Bottoms Up

Beer and wine in the Bay Area and beyond

Back in the UK at Black Diamond

By William Brand
Wednesday, June 22nd, 2005 at 2:44 pm in Uncategorized.

BERKELEY – Another night, another beer dinner. Monday night (6-20-05), I attended a San Francisco dinner featuring the best wild yeast beers in America. (See my first report on that in the posting below).

Tuesday night, in Berkeley, the dinner was hosted by Black Diamond Brewing of Concord, CA. at Cafe La Paz in North Berkeley.

We were treated to an inside look at the very fine, English-style beers of Grant Johnston. Grant’s most famous in the Bay Area as the guy who created the award-winning brews at Marin Brewing Co. in Larkspur, CA. , including San Quentin Breakout Stout and Bluebeery Ale.

But that was long ago. Grant began life back in Madison, WI as a homebrewer. He signed on to brew with Brendan Moylan at the brand new Marin Brewing in 1989. About the same time, he visited England and became fascinated with English beer.

He left Marin – with no less than 16 prestigious medals from the Great American Beer Festival _ in 1996 to work at Third Street Aleworks in Santa Rosa, then worked briefly in 1998 at the ill-fated Golden Gate Brewing in San Francisco.

But England called and Grant got a work permit and began brewing at Zerodegrees, a brew-restaurant in Blackheath Village in southeast, greater London. The village is adjacent to Greenwich, home of the prime meridian, which gave the place its name. Among other honors, he won gold medals for his Pale Ale and for his Pils lager at judging in London.

Three years later, he returned to the Bay Area and in September 2001, became head brewer at Black Diamond in Walnut Creek,CA. Black Diamond owners Joe Garaventa, and Tim Bredbenner, closed the restaurant and, under Grant’s supervision, built a new, 30-barrel brewery at 2470 Bates Ave. in Concord. A taproom’s scheduled to open later this summer; meanwhile Grant’s producing beer for commercial accounts in the East Bay.

Garaventa, Bredbenner and Grant hosted last night’s dinner at Cafe La Paz for customers and potential customers. As servers poured the beer, Grant discussed each in detail: Here we go, comments by Grant Johnston via my notes:

–Black Diamond Hefeweizen, a crisp, tart, unfiltered wheat. “It’s very fruity, you can pick up banana notes; it’s very low alcohol, about 4.5 percent. It’s unfiltered and very gently hopped (hops are Saaz from the Czech Republic).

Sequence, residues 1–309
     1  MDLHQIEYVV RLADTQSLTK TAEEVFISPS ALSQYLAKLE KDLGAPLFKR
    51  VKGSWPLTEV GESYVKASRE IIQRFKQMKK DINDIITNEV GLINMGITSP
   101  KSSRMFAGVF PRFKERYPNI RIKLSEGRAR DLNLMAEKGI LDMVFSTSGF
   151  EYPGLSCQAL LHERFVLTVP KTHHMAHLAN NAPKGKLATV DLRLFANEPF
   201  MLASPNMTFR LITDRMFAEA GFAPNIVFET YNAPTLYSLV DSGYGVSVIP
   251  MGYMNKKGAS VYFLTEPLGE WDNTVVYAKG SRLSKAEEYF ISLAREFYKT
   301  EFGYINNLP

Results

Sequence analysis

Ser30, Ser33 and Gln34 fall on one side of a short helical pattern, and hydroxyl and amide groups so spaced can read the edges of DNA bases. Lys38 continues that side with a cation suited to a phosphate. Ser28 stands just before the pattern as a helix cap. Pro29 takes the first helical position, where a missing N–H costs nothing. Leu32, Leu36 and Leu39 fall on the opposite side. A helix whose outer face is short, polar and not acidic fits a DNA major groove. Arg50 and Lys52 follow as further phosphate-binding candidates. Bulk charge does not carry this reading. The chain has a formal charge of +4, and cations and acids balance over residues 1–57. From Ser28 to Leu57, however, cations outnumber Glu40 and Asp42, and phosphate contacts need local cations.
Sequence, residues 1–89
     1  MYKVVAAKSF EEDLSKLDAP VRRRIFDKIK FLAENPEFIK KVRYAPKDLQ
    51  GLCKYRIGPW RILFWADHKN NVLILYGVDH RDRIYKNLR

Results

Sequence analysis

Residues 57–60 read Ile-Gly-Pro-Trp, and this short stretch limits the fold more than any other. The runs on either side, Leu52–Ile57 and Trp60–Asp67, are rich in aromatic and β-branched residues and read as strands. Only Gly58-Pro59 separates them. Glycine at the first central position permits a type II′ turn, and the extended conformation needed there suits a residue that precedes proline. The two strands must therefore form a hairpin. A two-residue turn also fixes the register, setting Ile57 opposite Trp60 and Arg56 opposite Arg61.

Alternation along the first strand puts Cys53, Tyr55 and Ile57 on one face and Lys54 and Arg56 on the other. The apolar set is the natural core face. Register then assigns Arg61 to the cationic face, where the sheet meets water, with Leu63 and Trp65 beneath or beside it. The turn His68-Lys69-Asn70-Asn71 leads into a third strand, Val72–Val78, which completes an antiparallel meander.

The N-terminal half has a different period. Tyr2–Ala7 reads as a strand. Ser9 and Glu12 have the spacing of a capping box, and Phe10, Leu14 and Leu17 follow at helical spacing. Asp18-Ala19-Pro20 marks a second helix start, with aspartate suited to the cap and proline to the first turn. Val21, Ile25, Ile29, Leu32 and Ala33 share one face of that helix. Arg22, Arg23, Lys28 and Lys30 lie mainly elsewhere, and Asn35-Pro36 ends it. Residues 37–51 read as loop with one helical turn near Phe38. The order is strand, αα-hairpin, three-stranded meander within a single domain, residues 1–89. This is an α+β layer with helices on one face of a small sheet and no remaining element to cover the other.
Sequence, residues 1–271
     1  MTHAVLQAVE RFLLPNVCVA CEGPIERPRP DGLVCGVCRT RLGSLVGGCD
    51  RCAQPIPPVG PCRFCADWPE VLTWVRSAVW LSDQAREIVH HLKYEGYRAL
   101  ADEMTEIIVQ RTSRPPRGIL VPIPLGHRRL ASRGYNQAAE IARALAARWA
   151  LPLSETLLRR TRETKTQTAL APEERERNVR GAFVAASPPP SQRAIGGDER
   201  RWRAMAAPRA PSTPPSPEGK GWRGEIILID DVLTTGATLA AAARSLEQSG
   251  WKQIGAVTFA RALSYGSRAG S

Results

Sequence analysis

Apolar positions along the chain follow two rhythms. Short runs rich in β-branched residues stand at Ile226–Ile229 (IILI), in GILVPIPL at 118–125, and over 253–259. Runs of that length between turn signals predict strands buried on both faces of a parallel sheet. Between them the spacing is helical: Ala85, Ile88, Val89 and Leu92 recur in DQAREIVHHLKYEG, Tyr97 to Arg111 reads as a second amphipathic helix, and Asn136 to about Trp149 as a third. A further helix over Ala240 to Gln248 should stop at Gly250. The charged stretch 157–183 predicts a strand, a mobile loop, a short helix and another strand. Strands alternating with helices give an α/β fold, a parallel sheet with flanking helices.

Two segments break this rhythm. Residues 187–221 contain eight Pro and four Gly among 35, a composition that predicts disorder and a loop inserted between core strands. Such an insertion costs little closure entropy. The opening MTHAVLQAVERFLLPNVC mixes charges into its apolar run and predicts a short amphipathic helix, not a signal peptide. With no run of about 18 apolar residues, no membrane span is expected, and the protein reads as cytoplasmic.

— Black Diamond Golden, is another low alcohol brew, 4.6 percent ABV. The pale barley malt comes Canada. Darker English speciality malts are added. Hops are Slovene Styrian Golding, a delicate, slightly spicy hop from Slovenia.“This is a nice, dry, light, crisp beer. You can pick up marmalade in the aroma,” he said.

— Black Diamond Amber Ale. Not a typical West Coast amber, Grant said. “This is a malty bitter. Visiting and then working in the UK, I fell in love with the flavor of British beer.” This one uses all British malts from from Thomas Fawcett & Sons,
a 200-year-old company in West Yorkshire in the UK. Grant says he uses Fawcett malts in most of his beer. In his opinion, it’s the best. Most American pale malts are made for large, commercial breweries, Grant believes. Fawcett serves a different market.

“You can’t get a full-flavored bitter with American malts,” he said.

The Fawcett malts are Maris Otter, a pale malt that is the foundation of many English ales, and crystal, a special malt, which adds color and sweetness without fermentables, which would produce a stronger, thicker beer. Hops are Fuggles.

— Black Diamond Blonde. A Belgian-style beer, very dry with a Belgian yeast culture, that produces sulphur notes, Belgian malts and a bit of rye added for a dryness. Hops are Czech Saaz.

— Black Diamond Pale Ale. A 5 percent beer, using British crystal malts, Goldings hops. Intense, malty aroma. My comments here: A true English pub beer, malts predominate, not hops, but what struck me was the fine balance. Simply delicious.

— Black Diamond India Pale Ale. As many beer-lovers know, this style was produced in the 1700s to supply the troops in India. Grant noted that it was one of England’s first pale beers, made possible by more sophisticated control of the malting process. It was brewed fairly strong, then allowed to ferment in the barrel during the months-long sea voyage around the African Cape to India. Black Diamond’s is 7 percent ABV. Malt is Fawcett Golden Promise; hops are Styrian Golding.

My comment: This is my favorite Black Diamond beer. Intense, heady nose of rich malt and spicy hops; striking balance in the mouth and a long, delicious follow, hoppy notes interweaving with that wonderful Golden Promise malt. Black Diamond is planning a bottling line in the future and I can hardly wait.

In the meantime, when I see the Black Diamond IPA logo on a tap handle, that’s the beer I order.

About the restaurant; food was authentically Mexican with California and New Mexico touches: Well-made empanadas, filled with goat cheese; little rolled taquitos, filled with cheese; garlic shrimp. More about Cafe La Paz is here.

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